Persuasive Imagery: A Consumer Response Perspective

By Linda M. Scott; Rajeev Batra | Go to book overview

CHAPTER ELEVEN
The Contribution of Semiotic
and Rhetorical Perspectives to the
Explanation of Visual Persuasion
in Advertising
Edward F. McQuarrie
Santa Clara University
David Glen Mick
University of Virginia

There are many ways to conceptualize the role of the visual element in advertising. In this chapter we address this issue from the perspectives of semiotics and rhetoric, and attempt to articulate their distinctive contributions, along with supporting empirical evidence. From semiotics we draw the ideas of sign and text. A sign is anything that can stand for something else. Text refers to any purposeful assemblage of signs, whether written or spoken, linguistic or pictorial. In light of this, pictures can be read as texts composed of signs. From rhetoric we draw the idea of a figure of speech. As developed here, figures need not be embodied in language, but can be defined more abstractly in terms of sign structure, so that visual figures are possible. To appreciate more fully the specific contribution of rhetorical and semiotic perspectives, it may be useful first to sketch briefly some of the alternative perspectives available.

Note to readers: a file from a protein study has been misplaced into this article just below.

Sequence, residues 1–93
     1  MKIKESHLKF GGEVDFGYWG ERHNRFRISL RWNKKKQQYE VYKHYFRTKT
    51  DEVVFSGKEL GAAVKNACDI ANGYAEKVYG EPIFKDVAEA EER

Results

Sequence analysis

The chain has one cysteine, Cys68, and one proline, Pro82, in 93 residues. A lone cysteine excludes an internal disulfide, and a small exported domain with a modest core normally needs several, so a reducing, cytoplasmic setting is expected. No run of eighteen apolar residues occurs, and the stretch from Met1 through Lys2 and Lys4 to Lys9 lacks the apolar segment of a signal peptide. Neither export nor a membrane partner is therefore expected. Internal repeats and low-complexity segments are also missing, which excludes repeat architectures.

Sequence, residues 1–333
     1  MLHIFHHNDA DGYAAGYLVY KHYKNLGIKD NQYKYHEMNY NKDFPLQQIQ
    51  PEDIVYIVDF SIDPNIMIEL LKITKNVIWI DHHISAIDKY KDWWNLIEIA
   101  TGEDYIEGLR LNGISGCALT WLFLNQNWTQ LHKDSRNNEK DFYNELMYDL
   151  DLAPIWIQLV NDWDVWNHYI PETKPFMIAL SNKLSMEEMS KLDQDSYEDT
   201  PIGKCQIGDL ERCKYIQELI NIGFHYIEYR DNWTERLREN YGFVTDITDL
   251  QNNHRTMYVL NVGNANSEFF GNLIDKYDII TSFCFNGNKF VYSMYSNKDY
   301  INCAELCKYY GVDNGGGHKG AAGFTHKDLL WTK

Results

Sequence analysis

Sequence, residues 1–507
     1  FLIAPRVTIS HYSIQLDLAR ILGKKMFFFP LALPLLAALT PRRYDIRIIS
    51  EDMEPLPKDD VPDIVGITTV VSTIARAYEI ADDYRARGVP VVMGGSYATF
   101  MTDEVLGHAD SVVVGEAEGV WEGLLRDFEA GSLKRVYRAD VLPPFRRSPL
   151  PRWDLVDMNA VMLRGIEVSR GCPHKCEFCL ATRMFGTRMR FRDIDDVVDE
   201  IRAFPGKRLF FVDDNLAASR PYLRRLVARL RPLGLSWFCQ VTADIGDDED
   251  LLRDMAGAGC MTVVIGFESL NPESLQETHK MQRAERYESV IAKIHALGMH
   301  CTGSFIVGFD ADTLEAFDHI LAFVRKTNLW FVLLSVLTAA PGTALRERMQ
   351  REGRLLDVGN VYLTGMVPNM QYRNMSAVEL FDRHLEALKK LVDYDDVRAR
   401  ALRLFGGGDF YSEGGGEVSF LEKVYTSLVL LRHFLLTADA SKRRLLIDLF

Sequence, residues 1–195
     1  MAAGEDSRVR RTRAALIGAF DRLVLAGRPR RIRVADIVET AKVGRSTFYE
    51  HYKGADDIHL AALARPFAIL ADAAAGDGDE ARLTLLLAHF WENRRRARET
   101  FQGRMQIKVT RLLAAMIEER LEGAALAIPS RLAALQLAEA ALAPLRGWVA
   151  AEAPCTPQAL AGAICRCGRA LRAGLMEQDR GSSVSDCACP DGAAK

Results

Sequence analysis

ALTERNATIVE PERSPECTIVES ON ADVERTISING VISUALS

Human System or Ad System?

Perhaps the most basic distinction among perspectives is whether one focuses on the human system that processes the visual elements, or on the visual elements

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